Prop. 2 opponents say measure is harmful

October 22, 2008 3:12:34 PM PDT
Proposition 2 on the November ballot seems so simple at first glance. It's a proposal to give some farm animals a little more room in their enclosures. But now, opponents say it could harm business, animals and people.

Proposition 2 would require that hens, pregnant pigs and veal calves have enough room in their enclosures to be able to lie down, fully extend their legs or wings and turn around freely.

Both sides agree on one thing, since there isn't much of a pig or veal industry in California, this debate is all about the birds.

Opponents say Proposition 2 is for the birds.

"Proposition 2 would put hens at a greater risk of developing disease and put consumer at greater risk for fowl borne illnesses like salmonella," said poultry veterinarian Dr. Nancy Reimers.

Doctor Reimers says that's because the extra room required by Prop. 2 would mean almost all hens would be free range, and the mingling would expose hens to feces, and wild birds carrying bird flu. Both possibilities pretty much eliminated by the caging system currently used.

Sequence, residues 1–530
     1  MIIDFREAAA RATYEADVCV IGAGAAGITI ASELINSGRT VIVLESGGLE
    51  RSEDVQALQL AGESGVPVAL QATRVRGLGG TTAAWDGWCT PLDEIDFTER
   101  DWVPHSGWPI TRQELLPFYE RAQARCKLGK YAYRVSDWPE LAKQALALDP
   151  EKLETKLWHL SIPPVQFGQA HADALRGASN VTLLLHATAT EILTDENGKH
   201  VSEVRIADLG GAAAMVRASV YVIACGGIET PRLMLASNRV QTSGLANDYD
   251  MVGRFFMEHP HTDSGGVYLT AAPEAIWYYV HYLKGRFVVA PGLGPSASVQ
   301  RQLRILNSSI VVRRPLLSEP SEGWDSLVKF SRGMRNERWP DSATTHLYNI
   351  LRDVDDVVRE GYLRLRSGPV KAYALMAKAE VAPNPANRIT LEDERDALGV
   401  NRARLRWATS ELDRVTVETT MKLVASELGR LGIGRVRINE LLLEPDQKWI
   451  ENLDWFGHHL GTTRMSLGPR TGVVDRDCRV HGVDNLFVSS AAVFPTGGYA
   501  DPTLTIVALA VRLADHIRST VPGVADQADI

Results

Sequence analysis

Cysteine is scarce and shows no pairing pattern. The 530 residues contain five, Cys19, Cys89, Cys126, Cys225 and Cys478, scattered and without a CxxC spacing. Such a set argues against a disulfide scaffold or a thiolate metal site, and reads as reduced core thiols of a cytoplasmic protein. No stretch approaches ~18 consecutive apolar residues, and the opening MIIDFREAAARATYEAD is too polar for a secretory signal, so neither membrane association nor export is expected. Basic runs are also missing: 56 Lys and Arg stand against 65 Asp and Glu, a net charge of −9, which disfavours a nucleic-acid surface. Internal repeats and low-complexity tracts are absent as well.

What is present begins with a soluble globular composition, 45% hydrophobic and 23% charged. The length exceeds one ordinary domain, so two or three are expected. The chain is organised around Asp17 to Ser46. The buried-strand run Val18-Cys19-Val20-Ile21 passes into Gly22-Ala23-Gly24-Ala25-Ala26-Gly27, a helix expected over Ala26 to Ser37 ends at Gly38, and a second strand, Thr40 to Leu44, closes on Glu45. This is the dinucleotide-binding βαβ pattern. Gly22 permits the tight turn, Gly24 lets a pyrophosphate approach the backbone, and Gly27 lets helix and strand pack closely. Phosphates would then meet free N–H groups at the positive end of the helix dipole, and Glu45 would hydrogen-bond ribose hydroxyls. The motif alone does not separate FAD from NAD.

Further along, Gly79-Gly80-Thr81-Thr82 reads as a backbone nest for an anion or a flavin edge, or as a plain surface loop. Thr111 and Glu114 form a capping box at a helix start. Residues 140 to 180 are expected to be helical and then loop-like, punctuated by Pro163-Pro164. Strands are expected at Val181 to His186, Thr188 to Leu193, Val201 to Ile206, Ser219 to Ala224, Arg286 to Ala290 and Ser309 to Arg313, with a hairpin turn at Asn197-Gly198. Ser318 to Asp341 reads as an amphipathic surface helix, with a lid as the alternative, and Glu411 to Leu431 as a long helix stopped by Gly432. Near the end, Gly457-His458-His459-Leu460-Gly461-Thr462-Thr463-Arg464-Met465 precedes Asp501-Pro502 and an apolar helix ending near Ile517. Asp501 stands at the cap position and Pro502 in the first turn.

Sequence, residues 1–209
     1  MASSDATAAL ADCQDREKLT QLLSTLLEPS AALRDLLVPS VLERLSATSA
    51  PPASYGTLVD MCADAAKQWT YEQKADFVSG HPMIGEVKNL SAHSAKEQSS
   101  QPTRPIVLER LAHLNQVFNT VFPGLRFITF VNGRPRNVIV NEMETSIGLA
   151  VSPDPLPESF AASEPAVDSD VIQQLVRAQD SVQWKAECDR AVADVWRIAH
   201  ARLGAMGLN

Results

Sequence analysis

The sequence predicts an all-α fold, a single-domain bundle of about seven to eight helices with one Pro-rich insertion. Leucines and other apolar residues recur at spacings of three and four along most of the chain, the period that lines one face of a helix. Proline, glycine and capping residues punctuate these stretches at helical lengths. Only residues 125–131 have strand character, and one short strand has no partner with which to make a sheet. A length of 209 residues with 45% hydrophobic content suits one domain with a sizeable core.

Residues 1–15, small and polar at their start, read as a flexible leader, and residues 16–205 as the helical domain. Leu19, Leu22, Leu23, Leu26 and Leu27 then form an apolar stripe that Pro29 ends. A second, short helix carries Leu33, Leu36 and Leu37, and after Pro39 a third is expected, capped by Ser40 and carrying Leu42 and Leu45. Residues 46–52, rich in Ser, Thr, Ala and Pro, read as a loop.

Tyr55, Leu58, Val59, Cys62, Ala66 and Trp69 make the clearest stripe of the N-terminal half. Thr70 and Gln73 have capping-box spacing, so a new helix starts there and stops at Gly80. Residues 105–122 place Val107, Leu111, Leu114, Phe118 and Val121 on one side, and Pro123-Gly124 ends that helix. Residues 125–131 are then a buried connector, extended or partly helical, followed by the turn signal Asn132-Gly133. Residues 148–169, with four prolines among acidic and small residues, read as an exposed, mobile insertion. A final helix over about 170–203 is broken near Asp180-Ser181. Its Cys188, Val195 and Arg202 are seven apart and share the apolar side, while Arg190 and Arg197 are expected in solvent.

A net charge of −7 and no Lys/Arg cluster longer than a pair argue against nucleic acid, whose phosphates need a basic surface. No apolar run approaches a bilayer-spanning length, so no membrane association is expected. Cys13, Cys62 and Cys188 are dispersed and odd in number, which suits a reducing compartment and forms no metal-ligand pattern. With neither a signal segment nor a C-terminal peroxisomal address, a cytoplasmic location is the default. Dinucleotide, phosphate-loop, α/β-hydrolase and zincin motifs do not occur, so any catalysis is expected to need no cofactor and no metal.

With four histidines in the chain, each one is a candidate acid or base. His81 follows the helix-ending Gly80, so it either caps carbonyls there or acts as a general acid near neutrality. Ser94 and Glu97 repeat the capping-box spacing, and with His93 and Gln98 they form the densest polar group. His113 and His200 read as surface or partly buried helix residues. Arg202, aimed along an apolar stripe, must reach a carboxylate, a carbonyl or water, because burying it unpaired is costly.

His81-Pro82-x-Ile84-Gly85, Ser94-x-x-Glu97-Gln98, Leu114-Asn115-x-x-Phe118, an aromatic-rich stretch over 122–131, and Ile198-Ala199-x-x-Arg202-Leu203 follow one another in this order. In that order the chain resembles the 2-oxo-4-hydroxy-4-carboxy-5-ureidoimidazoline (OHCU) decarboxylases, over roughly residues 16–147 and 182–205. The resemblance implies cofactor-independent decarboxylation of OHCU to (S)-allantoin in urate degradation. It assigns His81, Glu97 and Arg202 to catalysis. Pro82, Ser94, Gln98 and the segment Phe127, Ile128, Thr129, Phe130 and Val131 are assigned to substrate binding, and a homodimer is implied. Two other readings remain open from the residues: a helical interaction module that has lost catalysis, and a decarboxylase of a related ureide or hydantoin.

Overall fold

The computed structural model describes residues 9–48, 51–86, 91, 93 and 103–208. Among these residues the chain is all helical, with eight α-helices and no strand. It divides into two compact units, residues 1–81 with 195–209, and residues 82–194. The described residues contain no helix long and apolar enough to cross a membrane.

Not true, say Proposition 2 supporters.

Wayne Pacelle is the President and CEO of the Humane Society of the United States.

"There's more salmonella in their systems and there are other health problems. That's why the Consumer Health Organization and the Center for Food Safety back our ballot measure," said Pacelle.

Hidden camera video taken at a Southern California egg ranch shows current guidelines for caging and caring for hens are not followed everywhere.

Supporters also say the increase in the price of an egg would be minimal, maybe a dime a dozen, while Opponents say Proposition 2 would double the price of eggs.

Fourth generation egg rancher Jill Benson says it would severely impact the egg industry.

"We'll see a loss of 4,000 jobs, $615 million from the economy and you'll see an increase in the state's carbon footprint by trucking in eggs from thousands of miles away," said Benson.

And those eggs could be from ranches that do not even have the guidelines currently in place in California, let alone the restrictions imposed by Proposition Two.

"Just because Mexico or some other place treats animals poorly doesn't mean we should do it here," said Pacelle. "We're already producing large numbers of cage free eggs. It's efficient so let's make California the leader in making humanely produced eggs."

Related links:

  • Yes on Prop. 2
  • No on Prop. 2


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